The clamor for the overhaul of the Constitution was galvanized inter alia by a desire to tame the “imperial Presidency”, a phrase coined by the doyens of the second liberation.
It defined all that was offensive in the old constitutional order -- an all-powerful, unchecked, overbearing, unaccountable presidency.
It is no wonder that the 2010 Constitution whittled down presidential powers to a level unrecognisable in comparison to the old constitution. Gone are the days when the President could send Parliament home at his whim and all civil servants served “at the President’s pleasure”, or when he appointed and sacked judges without reason.
In their wisdom, the people of Kenya decided to donate most of the former powers of the President to Parliament, on the basis that the latter was the people’s grassroots representatives.
It is now clear that we may have unknowingly created an “imperial Parliament”. The Parliament that was in office immediately after 2010 was quite restrained in the exercise of the newly donated powers.
Indeed, the more progressive constitutional implementation laws were passed during those waning years of the Marende speakership. Many expected the Parliament elected under the new Constitution to be even more supportive of reforms under the new Constitution.
How naïve we all were. The assault on the Constitution commenced immediately the new MPs were sworn in. Successive Parliaments, most notably the National Assembly, have become worse. The most obvious assault has been in the fight for improved perks by MPs.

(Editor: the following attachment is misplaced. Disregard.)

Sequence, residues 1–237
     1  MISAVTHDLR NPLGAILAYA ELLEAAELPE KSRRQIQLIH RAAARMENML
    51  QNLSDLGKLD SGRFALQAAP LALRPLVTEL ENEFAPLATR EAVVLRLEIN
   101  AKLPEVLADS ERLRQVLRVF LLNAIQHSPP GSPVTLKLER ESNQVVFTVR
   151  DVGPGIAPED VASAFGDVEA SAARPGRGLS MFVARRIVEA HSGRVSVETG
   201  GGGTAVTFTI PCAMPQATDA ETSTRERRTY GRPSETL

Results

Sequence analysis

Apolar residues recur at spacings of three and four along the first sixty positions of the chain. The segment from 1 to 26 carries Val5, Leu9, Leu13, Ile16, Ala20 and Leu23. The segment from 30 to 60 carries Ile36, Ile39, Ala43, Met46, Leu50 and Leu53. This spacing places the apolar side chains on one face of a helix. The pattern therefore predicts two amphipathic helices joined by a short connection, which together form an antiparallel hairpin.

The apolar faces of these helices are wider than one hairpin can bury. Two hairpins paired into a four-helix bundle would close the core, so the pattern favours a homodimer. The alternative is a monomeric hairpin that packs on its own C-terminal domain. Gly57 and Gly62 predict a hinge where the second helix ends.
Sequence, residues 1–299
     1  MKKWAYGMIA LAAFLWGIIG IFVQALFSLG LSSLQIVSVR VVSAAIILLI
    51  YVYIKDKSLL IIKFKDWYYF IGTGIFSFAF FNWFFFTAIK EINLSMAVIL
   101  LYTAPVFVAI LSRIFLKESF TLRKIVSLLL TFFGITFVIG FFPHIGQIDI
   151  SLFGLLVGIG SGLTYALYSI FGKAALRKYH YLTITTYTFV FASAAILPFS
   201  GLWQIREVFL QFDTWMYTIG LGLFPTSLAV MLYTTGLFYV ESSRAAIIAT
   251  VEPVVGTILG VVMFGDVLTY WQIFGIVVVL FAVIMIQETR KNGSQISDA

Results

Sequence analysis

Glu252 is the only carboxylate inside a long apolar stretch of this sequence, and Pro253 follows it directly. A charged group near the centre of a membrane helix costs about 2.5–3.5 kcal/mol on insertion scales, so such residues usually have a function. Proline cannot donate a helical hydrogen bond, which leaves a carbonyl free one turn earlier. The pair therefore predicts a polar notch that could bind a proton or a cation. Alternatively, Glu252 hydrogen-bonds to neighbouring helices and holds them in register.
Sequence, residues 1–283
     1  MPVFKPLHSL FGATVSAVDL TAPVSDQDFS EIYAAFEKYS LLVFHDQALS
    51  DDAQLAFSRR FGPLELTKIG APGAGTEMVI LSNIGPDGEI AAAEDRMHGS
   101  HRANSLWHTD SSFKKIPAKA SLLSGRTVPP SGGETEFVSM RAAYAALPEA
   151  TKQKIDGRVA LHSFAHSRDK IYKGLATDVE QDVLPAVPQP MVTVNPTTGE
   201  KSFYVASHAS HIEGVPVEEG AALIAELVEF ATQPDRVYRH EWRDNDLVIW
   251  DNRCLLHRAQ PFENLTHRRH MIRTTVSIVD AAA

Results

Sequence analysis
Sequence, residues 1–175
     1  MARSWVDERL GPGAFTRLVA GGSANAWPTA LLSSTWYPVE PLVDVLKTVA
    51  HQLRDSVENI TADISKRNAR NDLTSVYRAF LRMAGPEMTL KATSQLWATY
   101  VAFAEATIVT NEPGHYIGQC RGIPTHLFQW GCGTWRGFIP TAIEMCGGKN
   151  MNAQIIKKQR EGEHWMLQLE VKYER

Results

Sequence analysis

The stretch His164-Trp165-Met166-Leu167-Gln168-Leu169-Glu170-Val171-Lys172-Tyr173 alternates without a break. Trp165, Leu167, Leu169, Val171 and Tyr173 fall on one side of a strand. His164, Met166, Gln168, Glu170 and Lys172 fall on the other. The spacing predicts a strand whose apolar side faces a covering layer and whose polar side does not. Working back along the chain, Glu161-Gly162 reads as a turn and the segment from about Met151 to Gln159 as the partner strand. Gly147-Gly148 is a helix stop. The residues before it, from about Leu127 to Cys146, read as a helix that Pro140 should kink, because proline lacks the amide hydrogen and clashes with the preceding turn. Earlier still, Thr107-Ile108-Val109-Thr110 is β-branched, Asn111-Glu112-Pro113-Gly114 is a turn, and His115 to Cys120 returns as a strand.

But there have been other less obvious but equally insidious assaults. These have included the failure to abide by constitutional obligations, the most obvious being the refusal to pass any laws that would enable Parliament to comply with the two thirds gender requirement.
Parliament has passed many laws that have been in direct violation of the Constitution -- some have been declared as such by the courts. Parliament has also made attempts to amend the Constitution, with most of the proposed changes seeking to enhance the powers of or improve the welfare of MPs.
Other abuses of office have included using the powers of the purse, which the Constitution removed from Treasury to Parliament, to punish those who dare take on MPs. The Judiciary has been a victim of this.
Clearly the message has been heard; most judges will not grant any order against Parliament. The current Budget cycle has witnessed the Salaries and Remuneration Commission (SRC) suffer budget cutbacks ostensibly for expending monies which had not been budgeted for, a process that is sanctioned by law and which Parliament allowed the national government to undertake.
The power of the purse has also been used to allocate inordinate revenues to Parliament when compared with other institutions. While one does not want to begrudge MPs of their right to fair compensation, the right of MPs to determine their own perks was taken away by the Constitution.
In several Articles, including 116 and 230, the Constitution makes it clear that MPs, whether directly or through their trade union, which the Parliamentary Service Commission acts as, cannot determine their perks and that any benefit conferred must be enjoyed by the next House.
What then is to be done? Ultimately, when an elective institution crosses constitutional boundaries, the first weapon the citizen has is the vote. Citizens must note serial offenders and vote them out at the next election. In the meantime, the courts have a heavy responsibility to check any abuse of power by Parliament. The courts can quash illegal decisions of the House. We have seen that recently when the High Court suspended payment of the contested allowances to MPs.
They can declare laws and acts of Parliament unconstitutional. Kenyans must remain vigilant and use these and other avenues to ensure that the journey to an imperial Parliament is checked before it is too late.
- The writer is an advocate of the High Court
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